The story of a slow week has been a fast court. For those not following this relative non-event, which has required all the media oxygen it can get, Spain has formally complained to the ITF over the USTA’s choice of surface for their upcoming Davis Cup quarterfinal. The issue boils down a rule whereby no tie can be held on a surface that hasn’t been used either at a Grand Slam, or at three or more ATP level tournaments. If we boil it down further, to a bitter paste-like reduction, it’s hard not to interpret this as (at best) quibbling for its own sake, or (more likely) a cynical ploy by the Spanish to limit just how lightning-slick the court will play. If it’s just quibbling, they’d best tread cautiously, since in Andy Roddick they’re up against a world class hair-splitter, boasting near-infinite stamina in the art of aimless carping.
The surface in question is a pre-fabricated hardcourt called Indoor Hard Premiere, manufactured by Premier Services in Baltimore. The US has used it in any number of home ties, and it is the surface that was used at the SAP Open in San Jose a couple of months ago, the event where Milos Raonic served his way to a maiden ATP title, and where Fernando Verdasco’s sustained and profound slump commenced. It’s a stretch to blame the surface for that particular outcome, and based on current form it’s unlikely Verdasco will be picked for anything more strenuous than cheerleading, but nonetheless, it’s not a court conducive to the ‘real tennis’ preferred by four out of five Spanish men.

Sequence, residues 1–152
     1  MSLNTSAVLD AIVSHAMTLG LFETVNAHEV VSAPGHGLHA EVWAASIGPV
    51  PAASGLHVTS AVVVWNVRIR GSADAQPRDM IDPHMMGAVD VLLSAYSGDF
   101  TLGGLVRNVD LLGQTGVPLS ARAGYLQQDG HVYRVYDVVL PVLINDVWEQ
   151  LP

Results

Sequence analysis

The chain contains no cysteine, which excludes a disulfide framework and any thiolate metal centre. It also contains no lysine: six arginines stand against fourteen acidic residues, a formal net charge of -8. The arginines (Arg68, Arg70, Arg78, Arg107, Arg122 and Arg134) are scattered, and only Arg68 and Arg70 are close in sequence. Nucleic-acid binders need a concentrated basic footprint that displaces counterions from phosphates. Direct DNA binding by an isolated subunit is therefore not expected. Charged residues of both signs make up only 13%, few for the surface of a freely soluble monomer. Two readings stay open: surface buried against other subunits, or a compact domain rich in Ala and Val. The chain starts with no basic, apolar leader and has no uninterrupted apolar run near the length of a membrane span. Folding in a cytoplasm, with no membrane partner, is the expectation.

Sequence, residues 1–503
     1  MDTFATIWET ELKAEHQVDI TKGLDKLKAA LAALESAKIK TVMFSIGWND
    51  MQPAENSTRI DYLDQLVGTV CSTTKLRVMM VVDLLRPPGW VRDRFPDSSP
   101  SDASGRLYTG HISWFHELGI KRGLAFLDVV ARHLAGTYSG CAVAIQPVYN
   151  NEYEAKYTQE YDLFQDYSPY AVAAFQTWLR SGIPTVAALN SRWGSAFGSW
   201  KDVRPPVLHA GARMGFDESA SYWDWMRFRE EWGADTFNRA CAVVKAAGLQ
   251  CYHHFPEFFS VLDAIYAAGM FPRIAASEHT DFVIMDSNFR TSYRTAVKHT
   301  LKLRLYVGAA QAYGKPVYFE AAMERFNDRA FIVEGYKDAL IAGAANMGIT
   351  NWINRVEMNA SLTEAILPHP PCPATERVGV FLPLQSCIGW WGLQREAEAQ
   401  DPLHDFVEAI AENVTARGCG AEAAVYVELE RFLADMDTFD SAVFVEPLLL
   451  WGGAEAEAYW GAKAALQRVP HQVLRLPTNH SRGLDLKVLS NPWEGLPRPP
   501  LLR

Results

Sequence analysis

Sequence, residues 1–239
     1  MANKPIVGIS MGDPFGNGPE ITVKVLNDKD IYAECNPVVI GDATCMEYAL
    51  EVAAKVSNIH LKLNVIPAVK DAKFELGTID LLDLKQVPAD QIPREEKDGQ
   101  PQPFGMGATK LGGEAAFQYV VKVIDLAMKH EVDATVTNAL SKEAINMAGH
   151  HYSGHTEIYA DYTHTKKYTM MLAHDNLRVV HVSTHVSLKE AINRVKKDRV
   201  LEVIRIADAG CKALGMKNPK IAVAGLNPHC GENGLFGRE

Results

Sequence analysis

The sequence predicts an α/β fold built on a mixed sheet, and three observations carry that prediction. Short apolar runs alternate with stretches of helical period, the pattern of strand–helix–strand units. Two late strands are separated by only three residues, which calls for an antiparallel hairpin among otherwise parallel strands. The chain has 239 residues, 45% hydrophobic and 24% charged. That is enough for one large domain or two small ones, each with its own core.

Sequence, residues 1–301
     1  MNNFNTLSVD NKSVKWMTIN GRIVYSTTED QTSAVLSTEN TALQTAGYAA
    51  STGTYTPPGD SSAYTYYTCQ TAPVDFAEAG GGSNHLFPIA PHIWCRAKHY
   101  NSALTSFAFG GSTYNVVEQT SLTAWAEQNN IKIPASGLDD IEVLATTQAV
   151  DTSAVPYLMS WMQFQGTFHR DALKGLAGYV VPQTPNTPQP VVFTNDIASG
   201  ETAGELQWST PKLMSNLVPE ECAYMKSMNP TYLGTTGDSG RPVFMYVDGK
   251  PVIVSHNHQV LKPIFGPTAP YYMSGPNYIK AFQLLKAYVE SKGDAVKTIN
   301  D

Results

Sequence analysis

The reality is that Indoor Hard Premiere is not radically unlike any other hardcourt surface, and appears to be identical to Latex-ite, also made in Baltimore, which is allowed by the ITF. Like other hardcourts, Indoor Hard Premiere can be calibrated for speed and bounce by altering the paint and sand quantities in the top layer. The only thing that might be remotely new to the Spanish players is the name of the product, but even that isn’t likely, since it was used in the tie between the US and Spain in 2007 (which the Americans won). Certainly, Nadal’s claims that the court is ‘completely unknown’ to him and his team mates is disingenuous.
Given that the surface has already seen such prevalent use, for the ITF to rule in Spain’s favour would let the proverbial cat out of the can of worms. Not only that, but the Davis Cup final last December was played on RuKortHard, an indoor hardcourt manufactured by Concept 90, and which is only currently used by one ATP event (Zagreb). If Spain’s current petition was to prove successful, can you imagine the quibbling the French might bring to bear?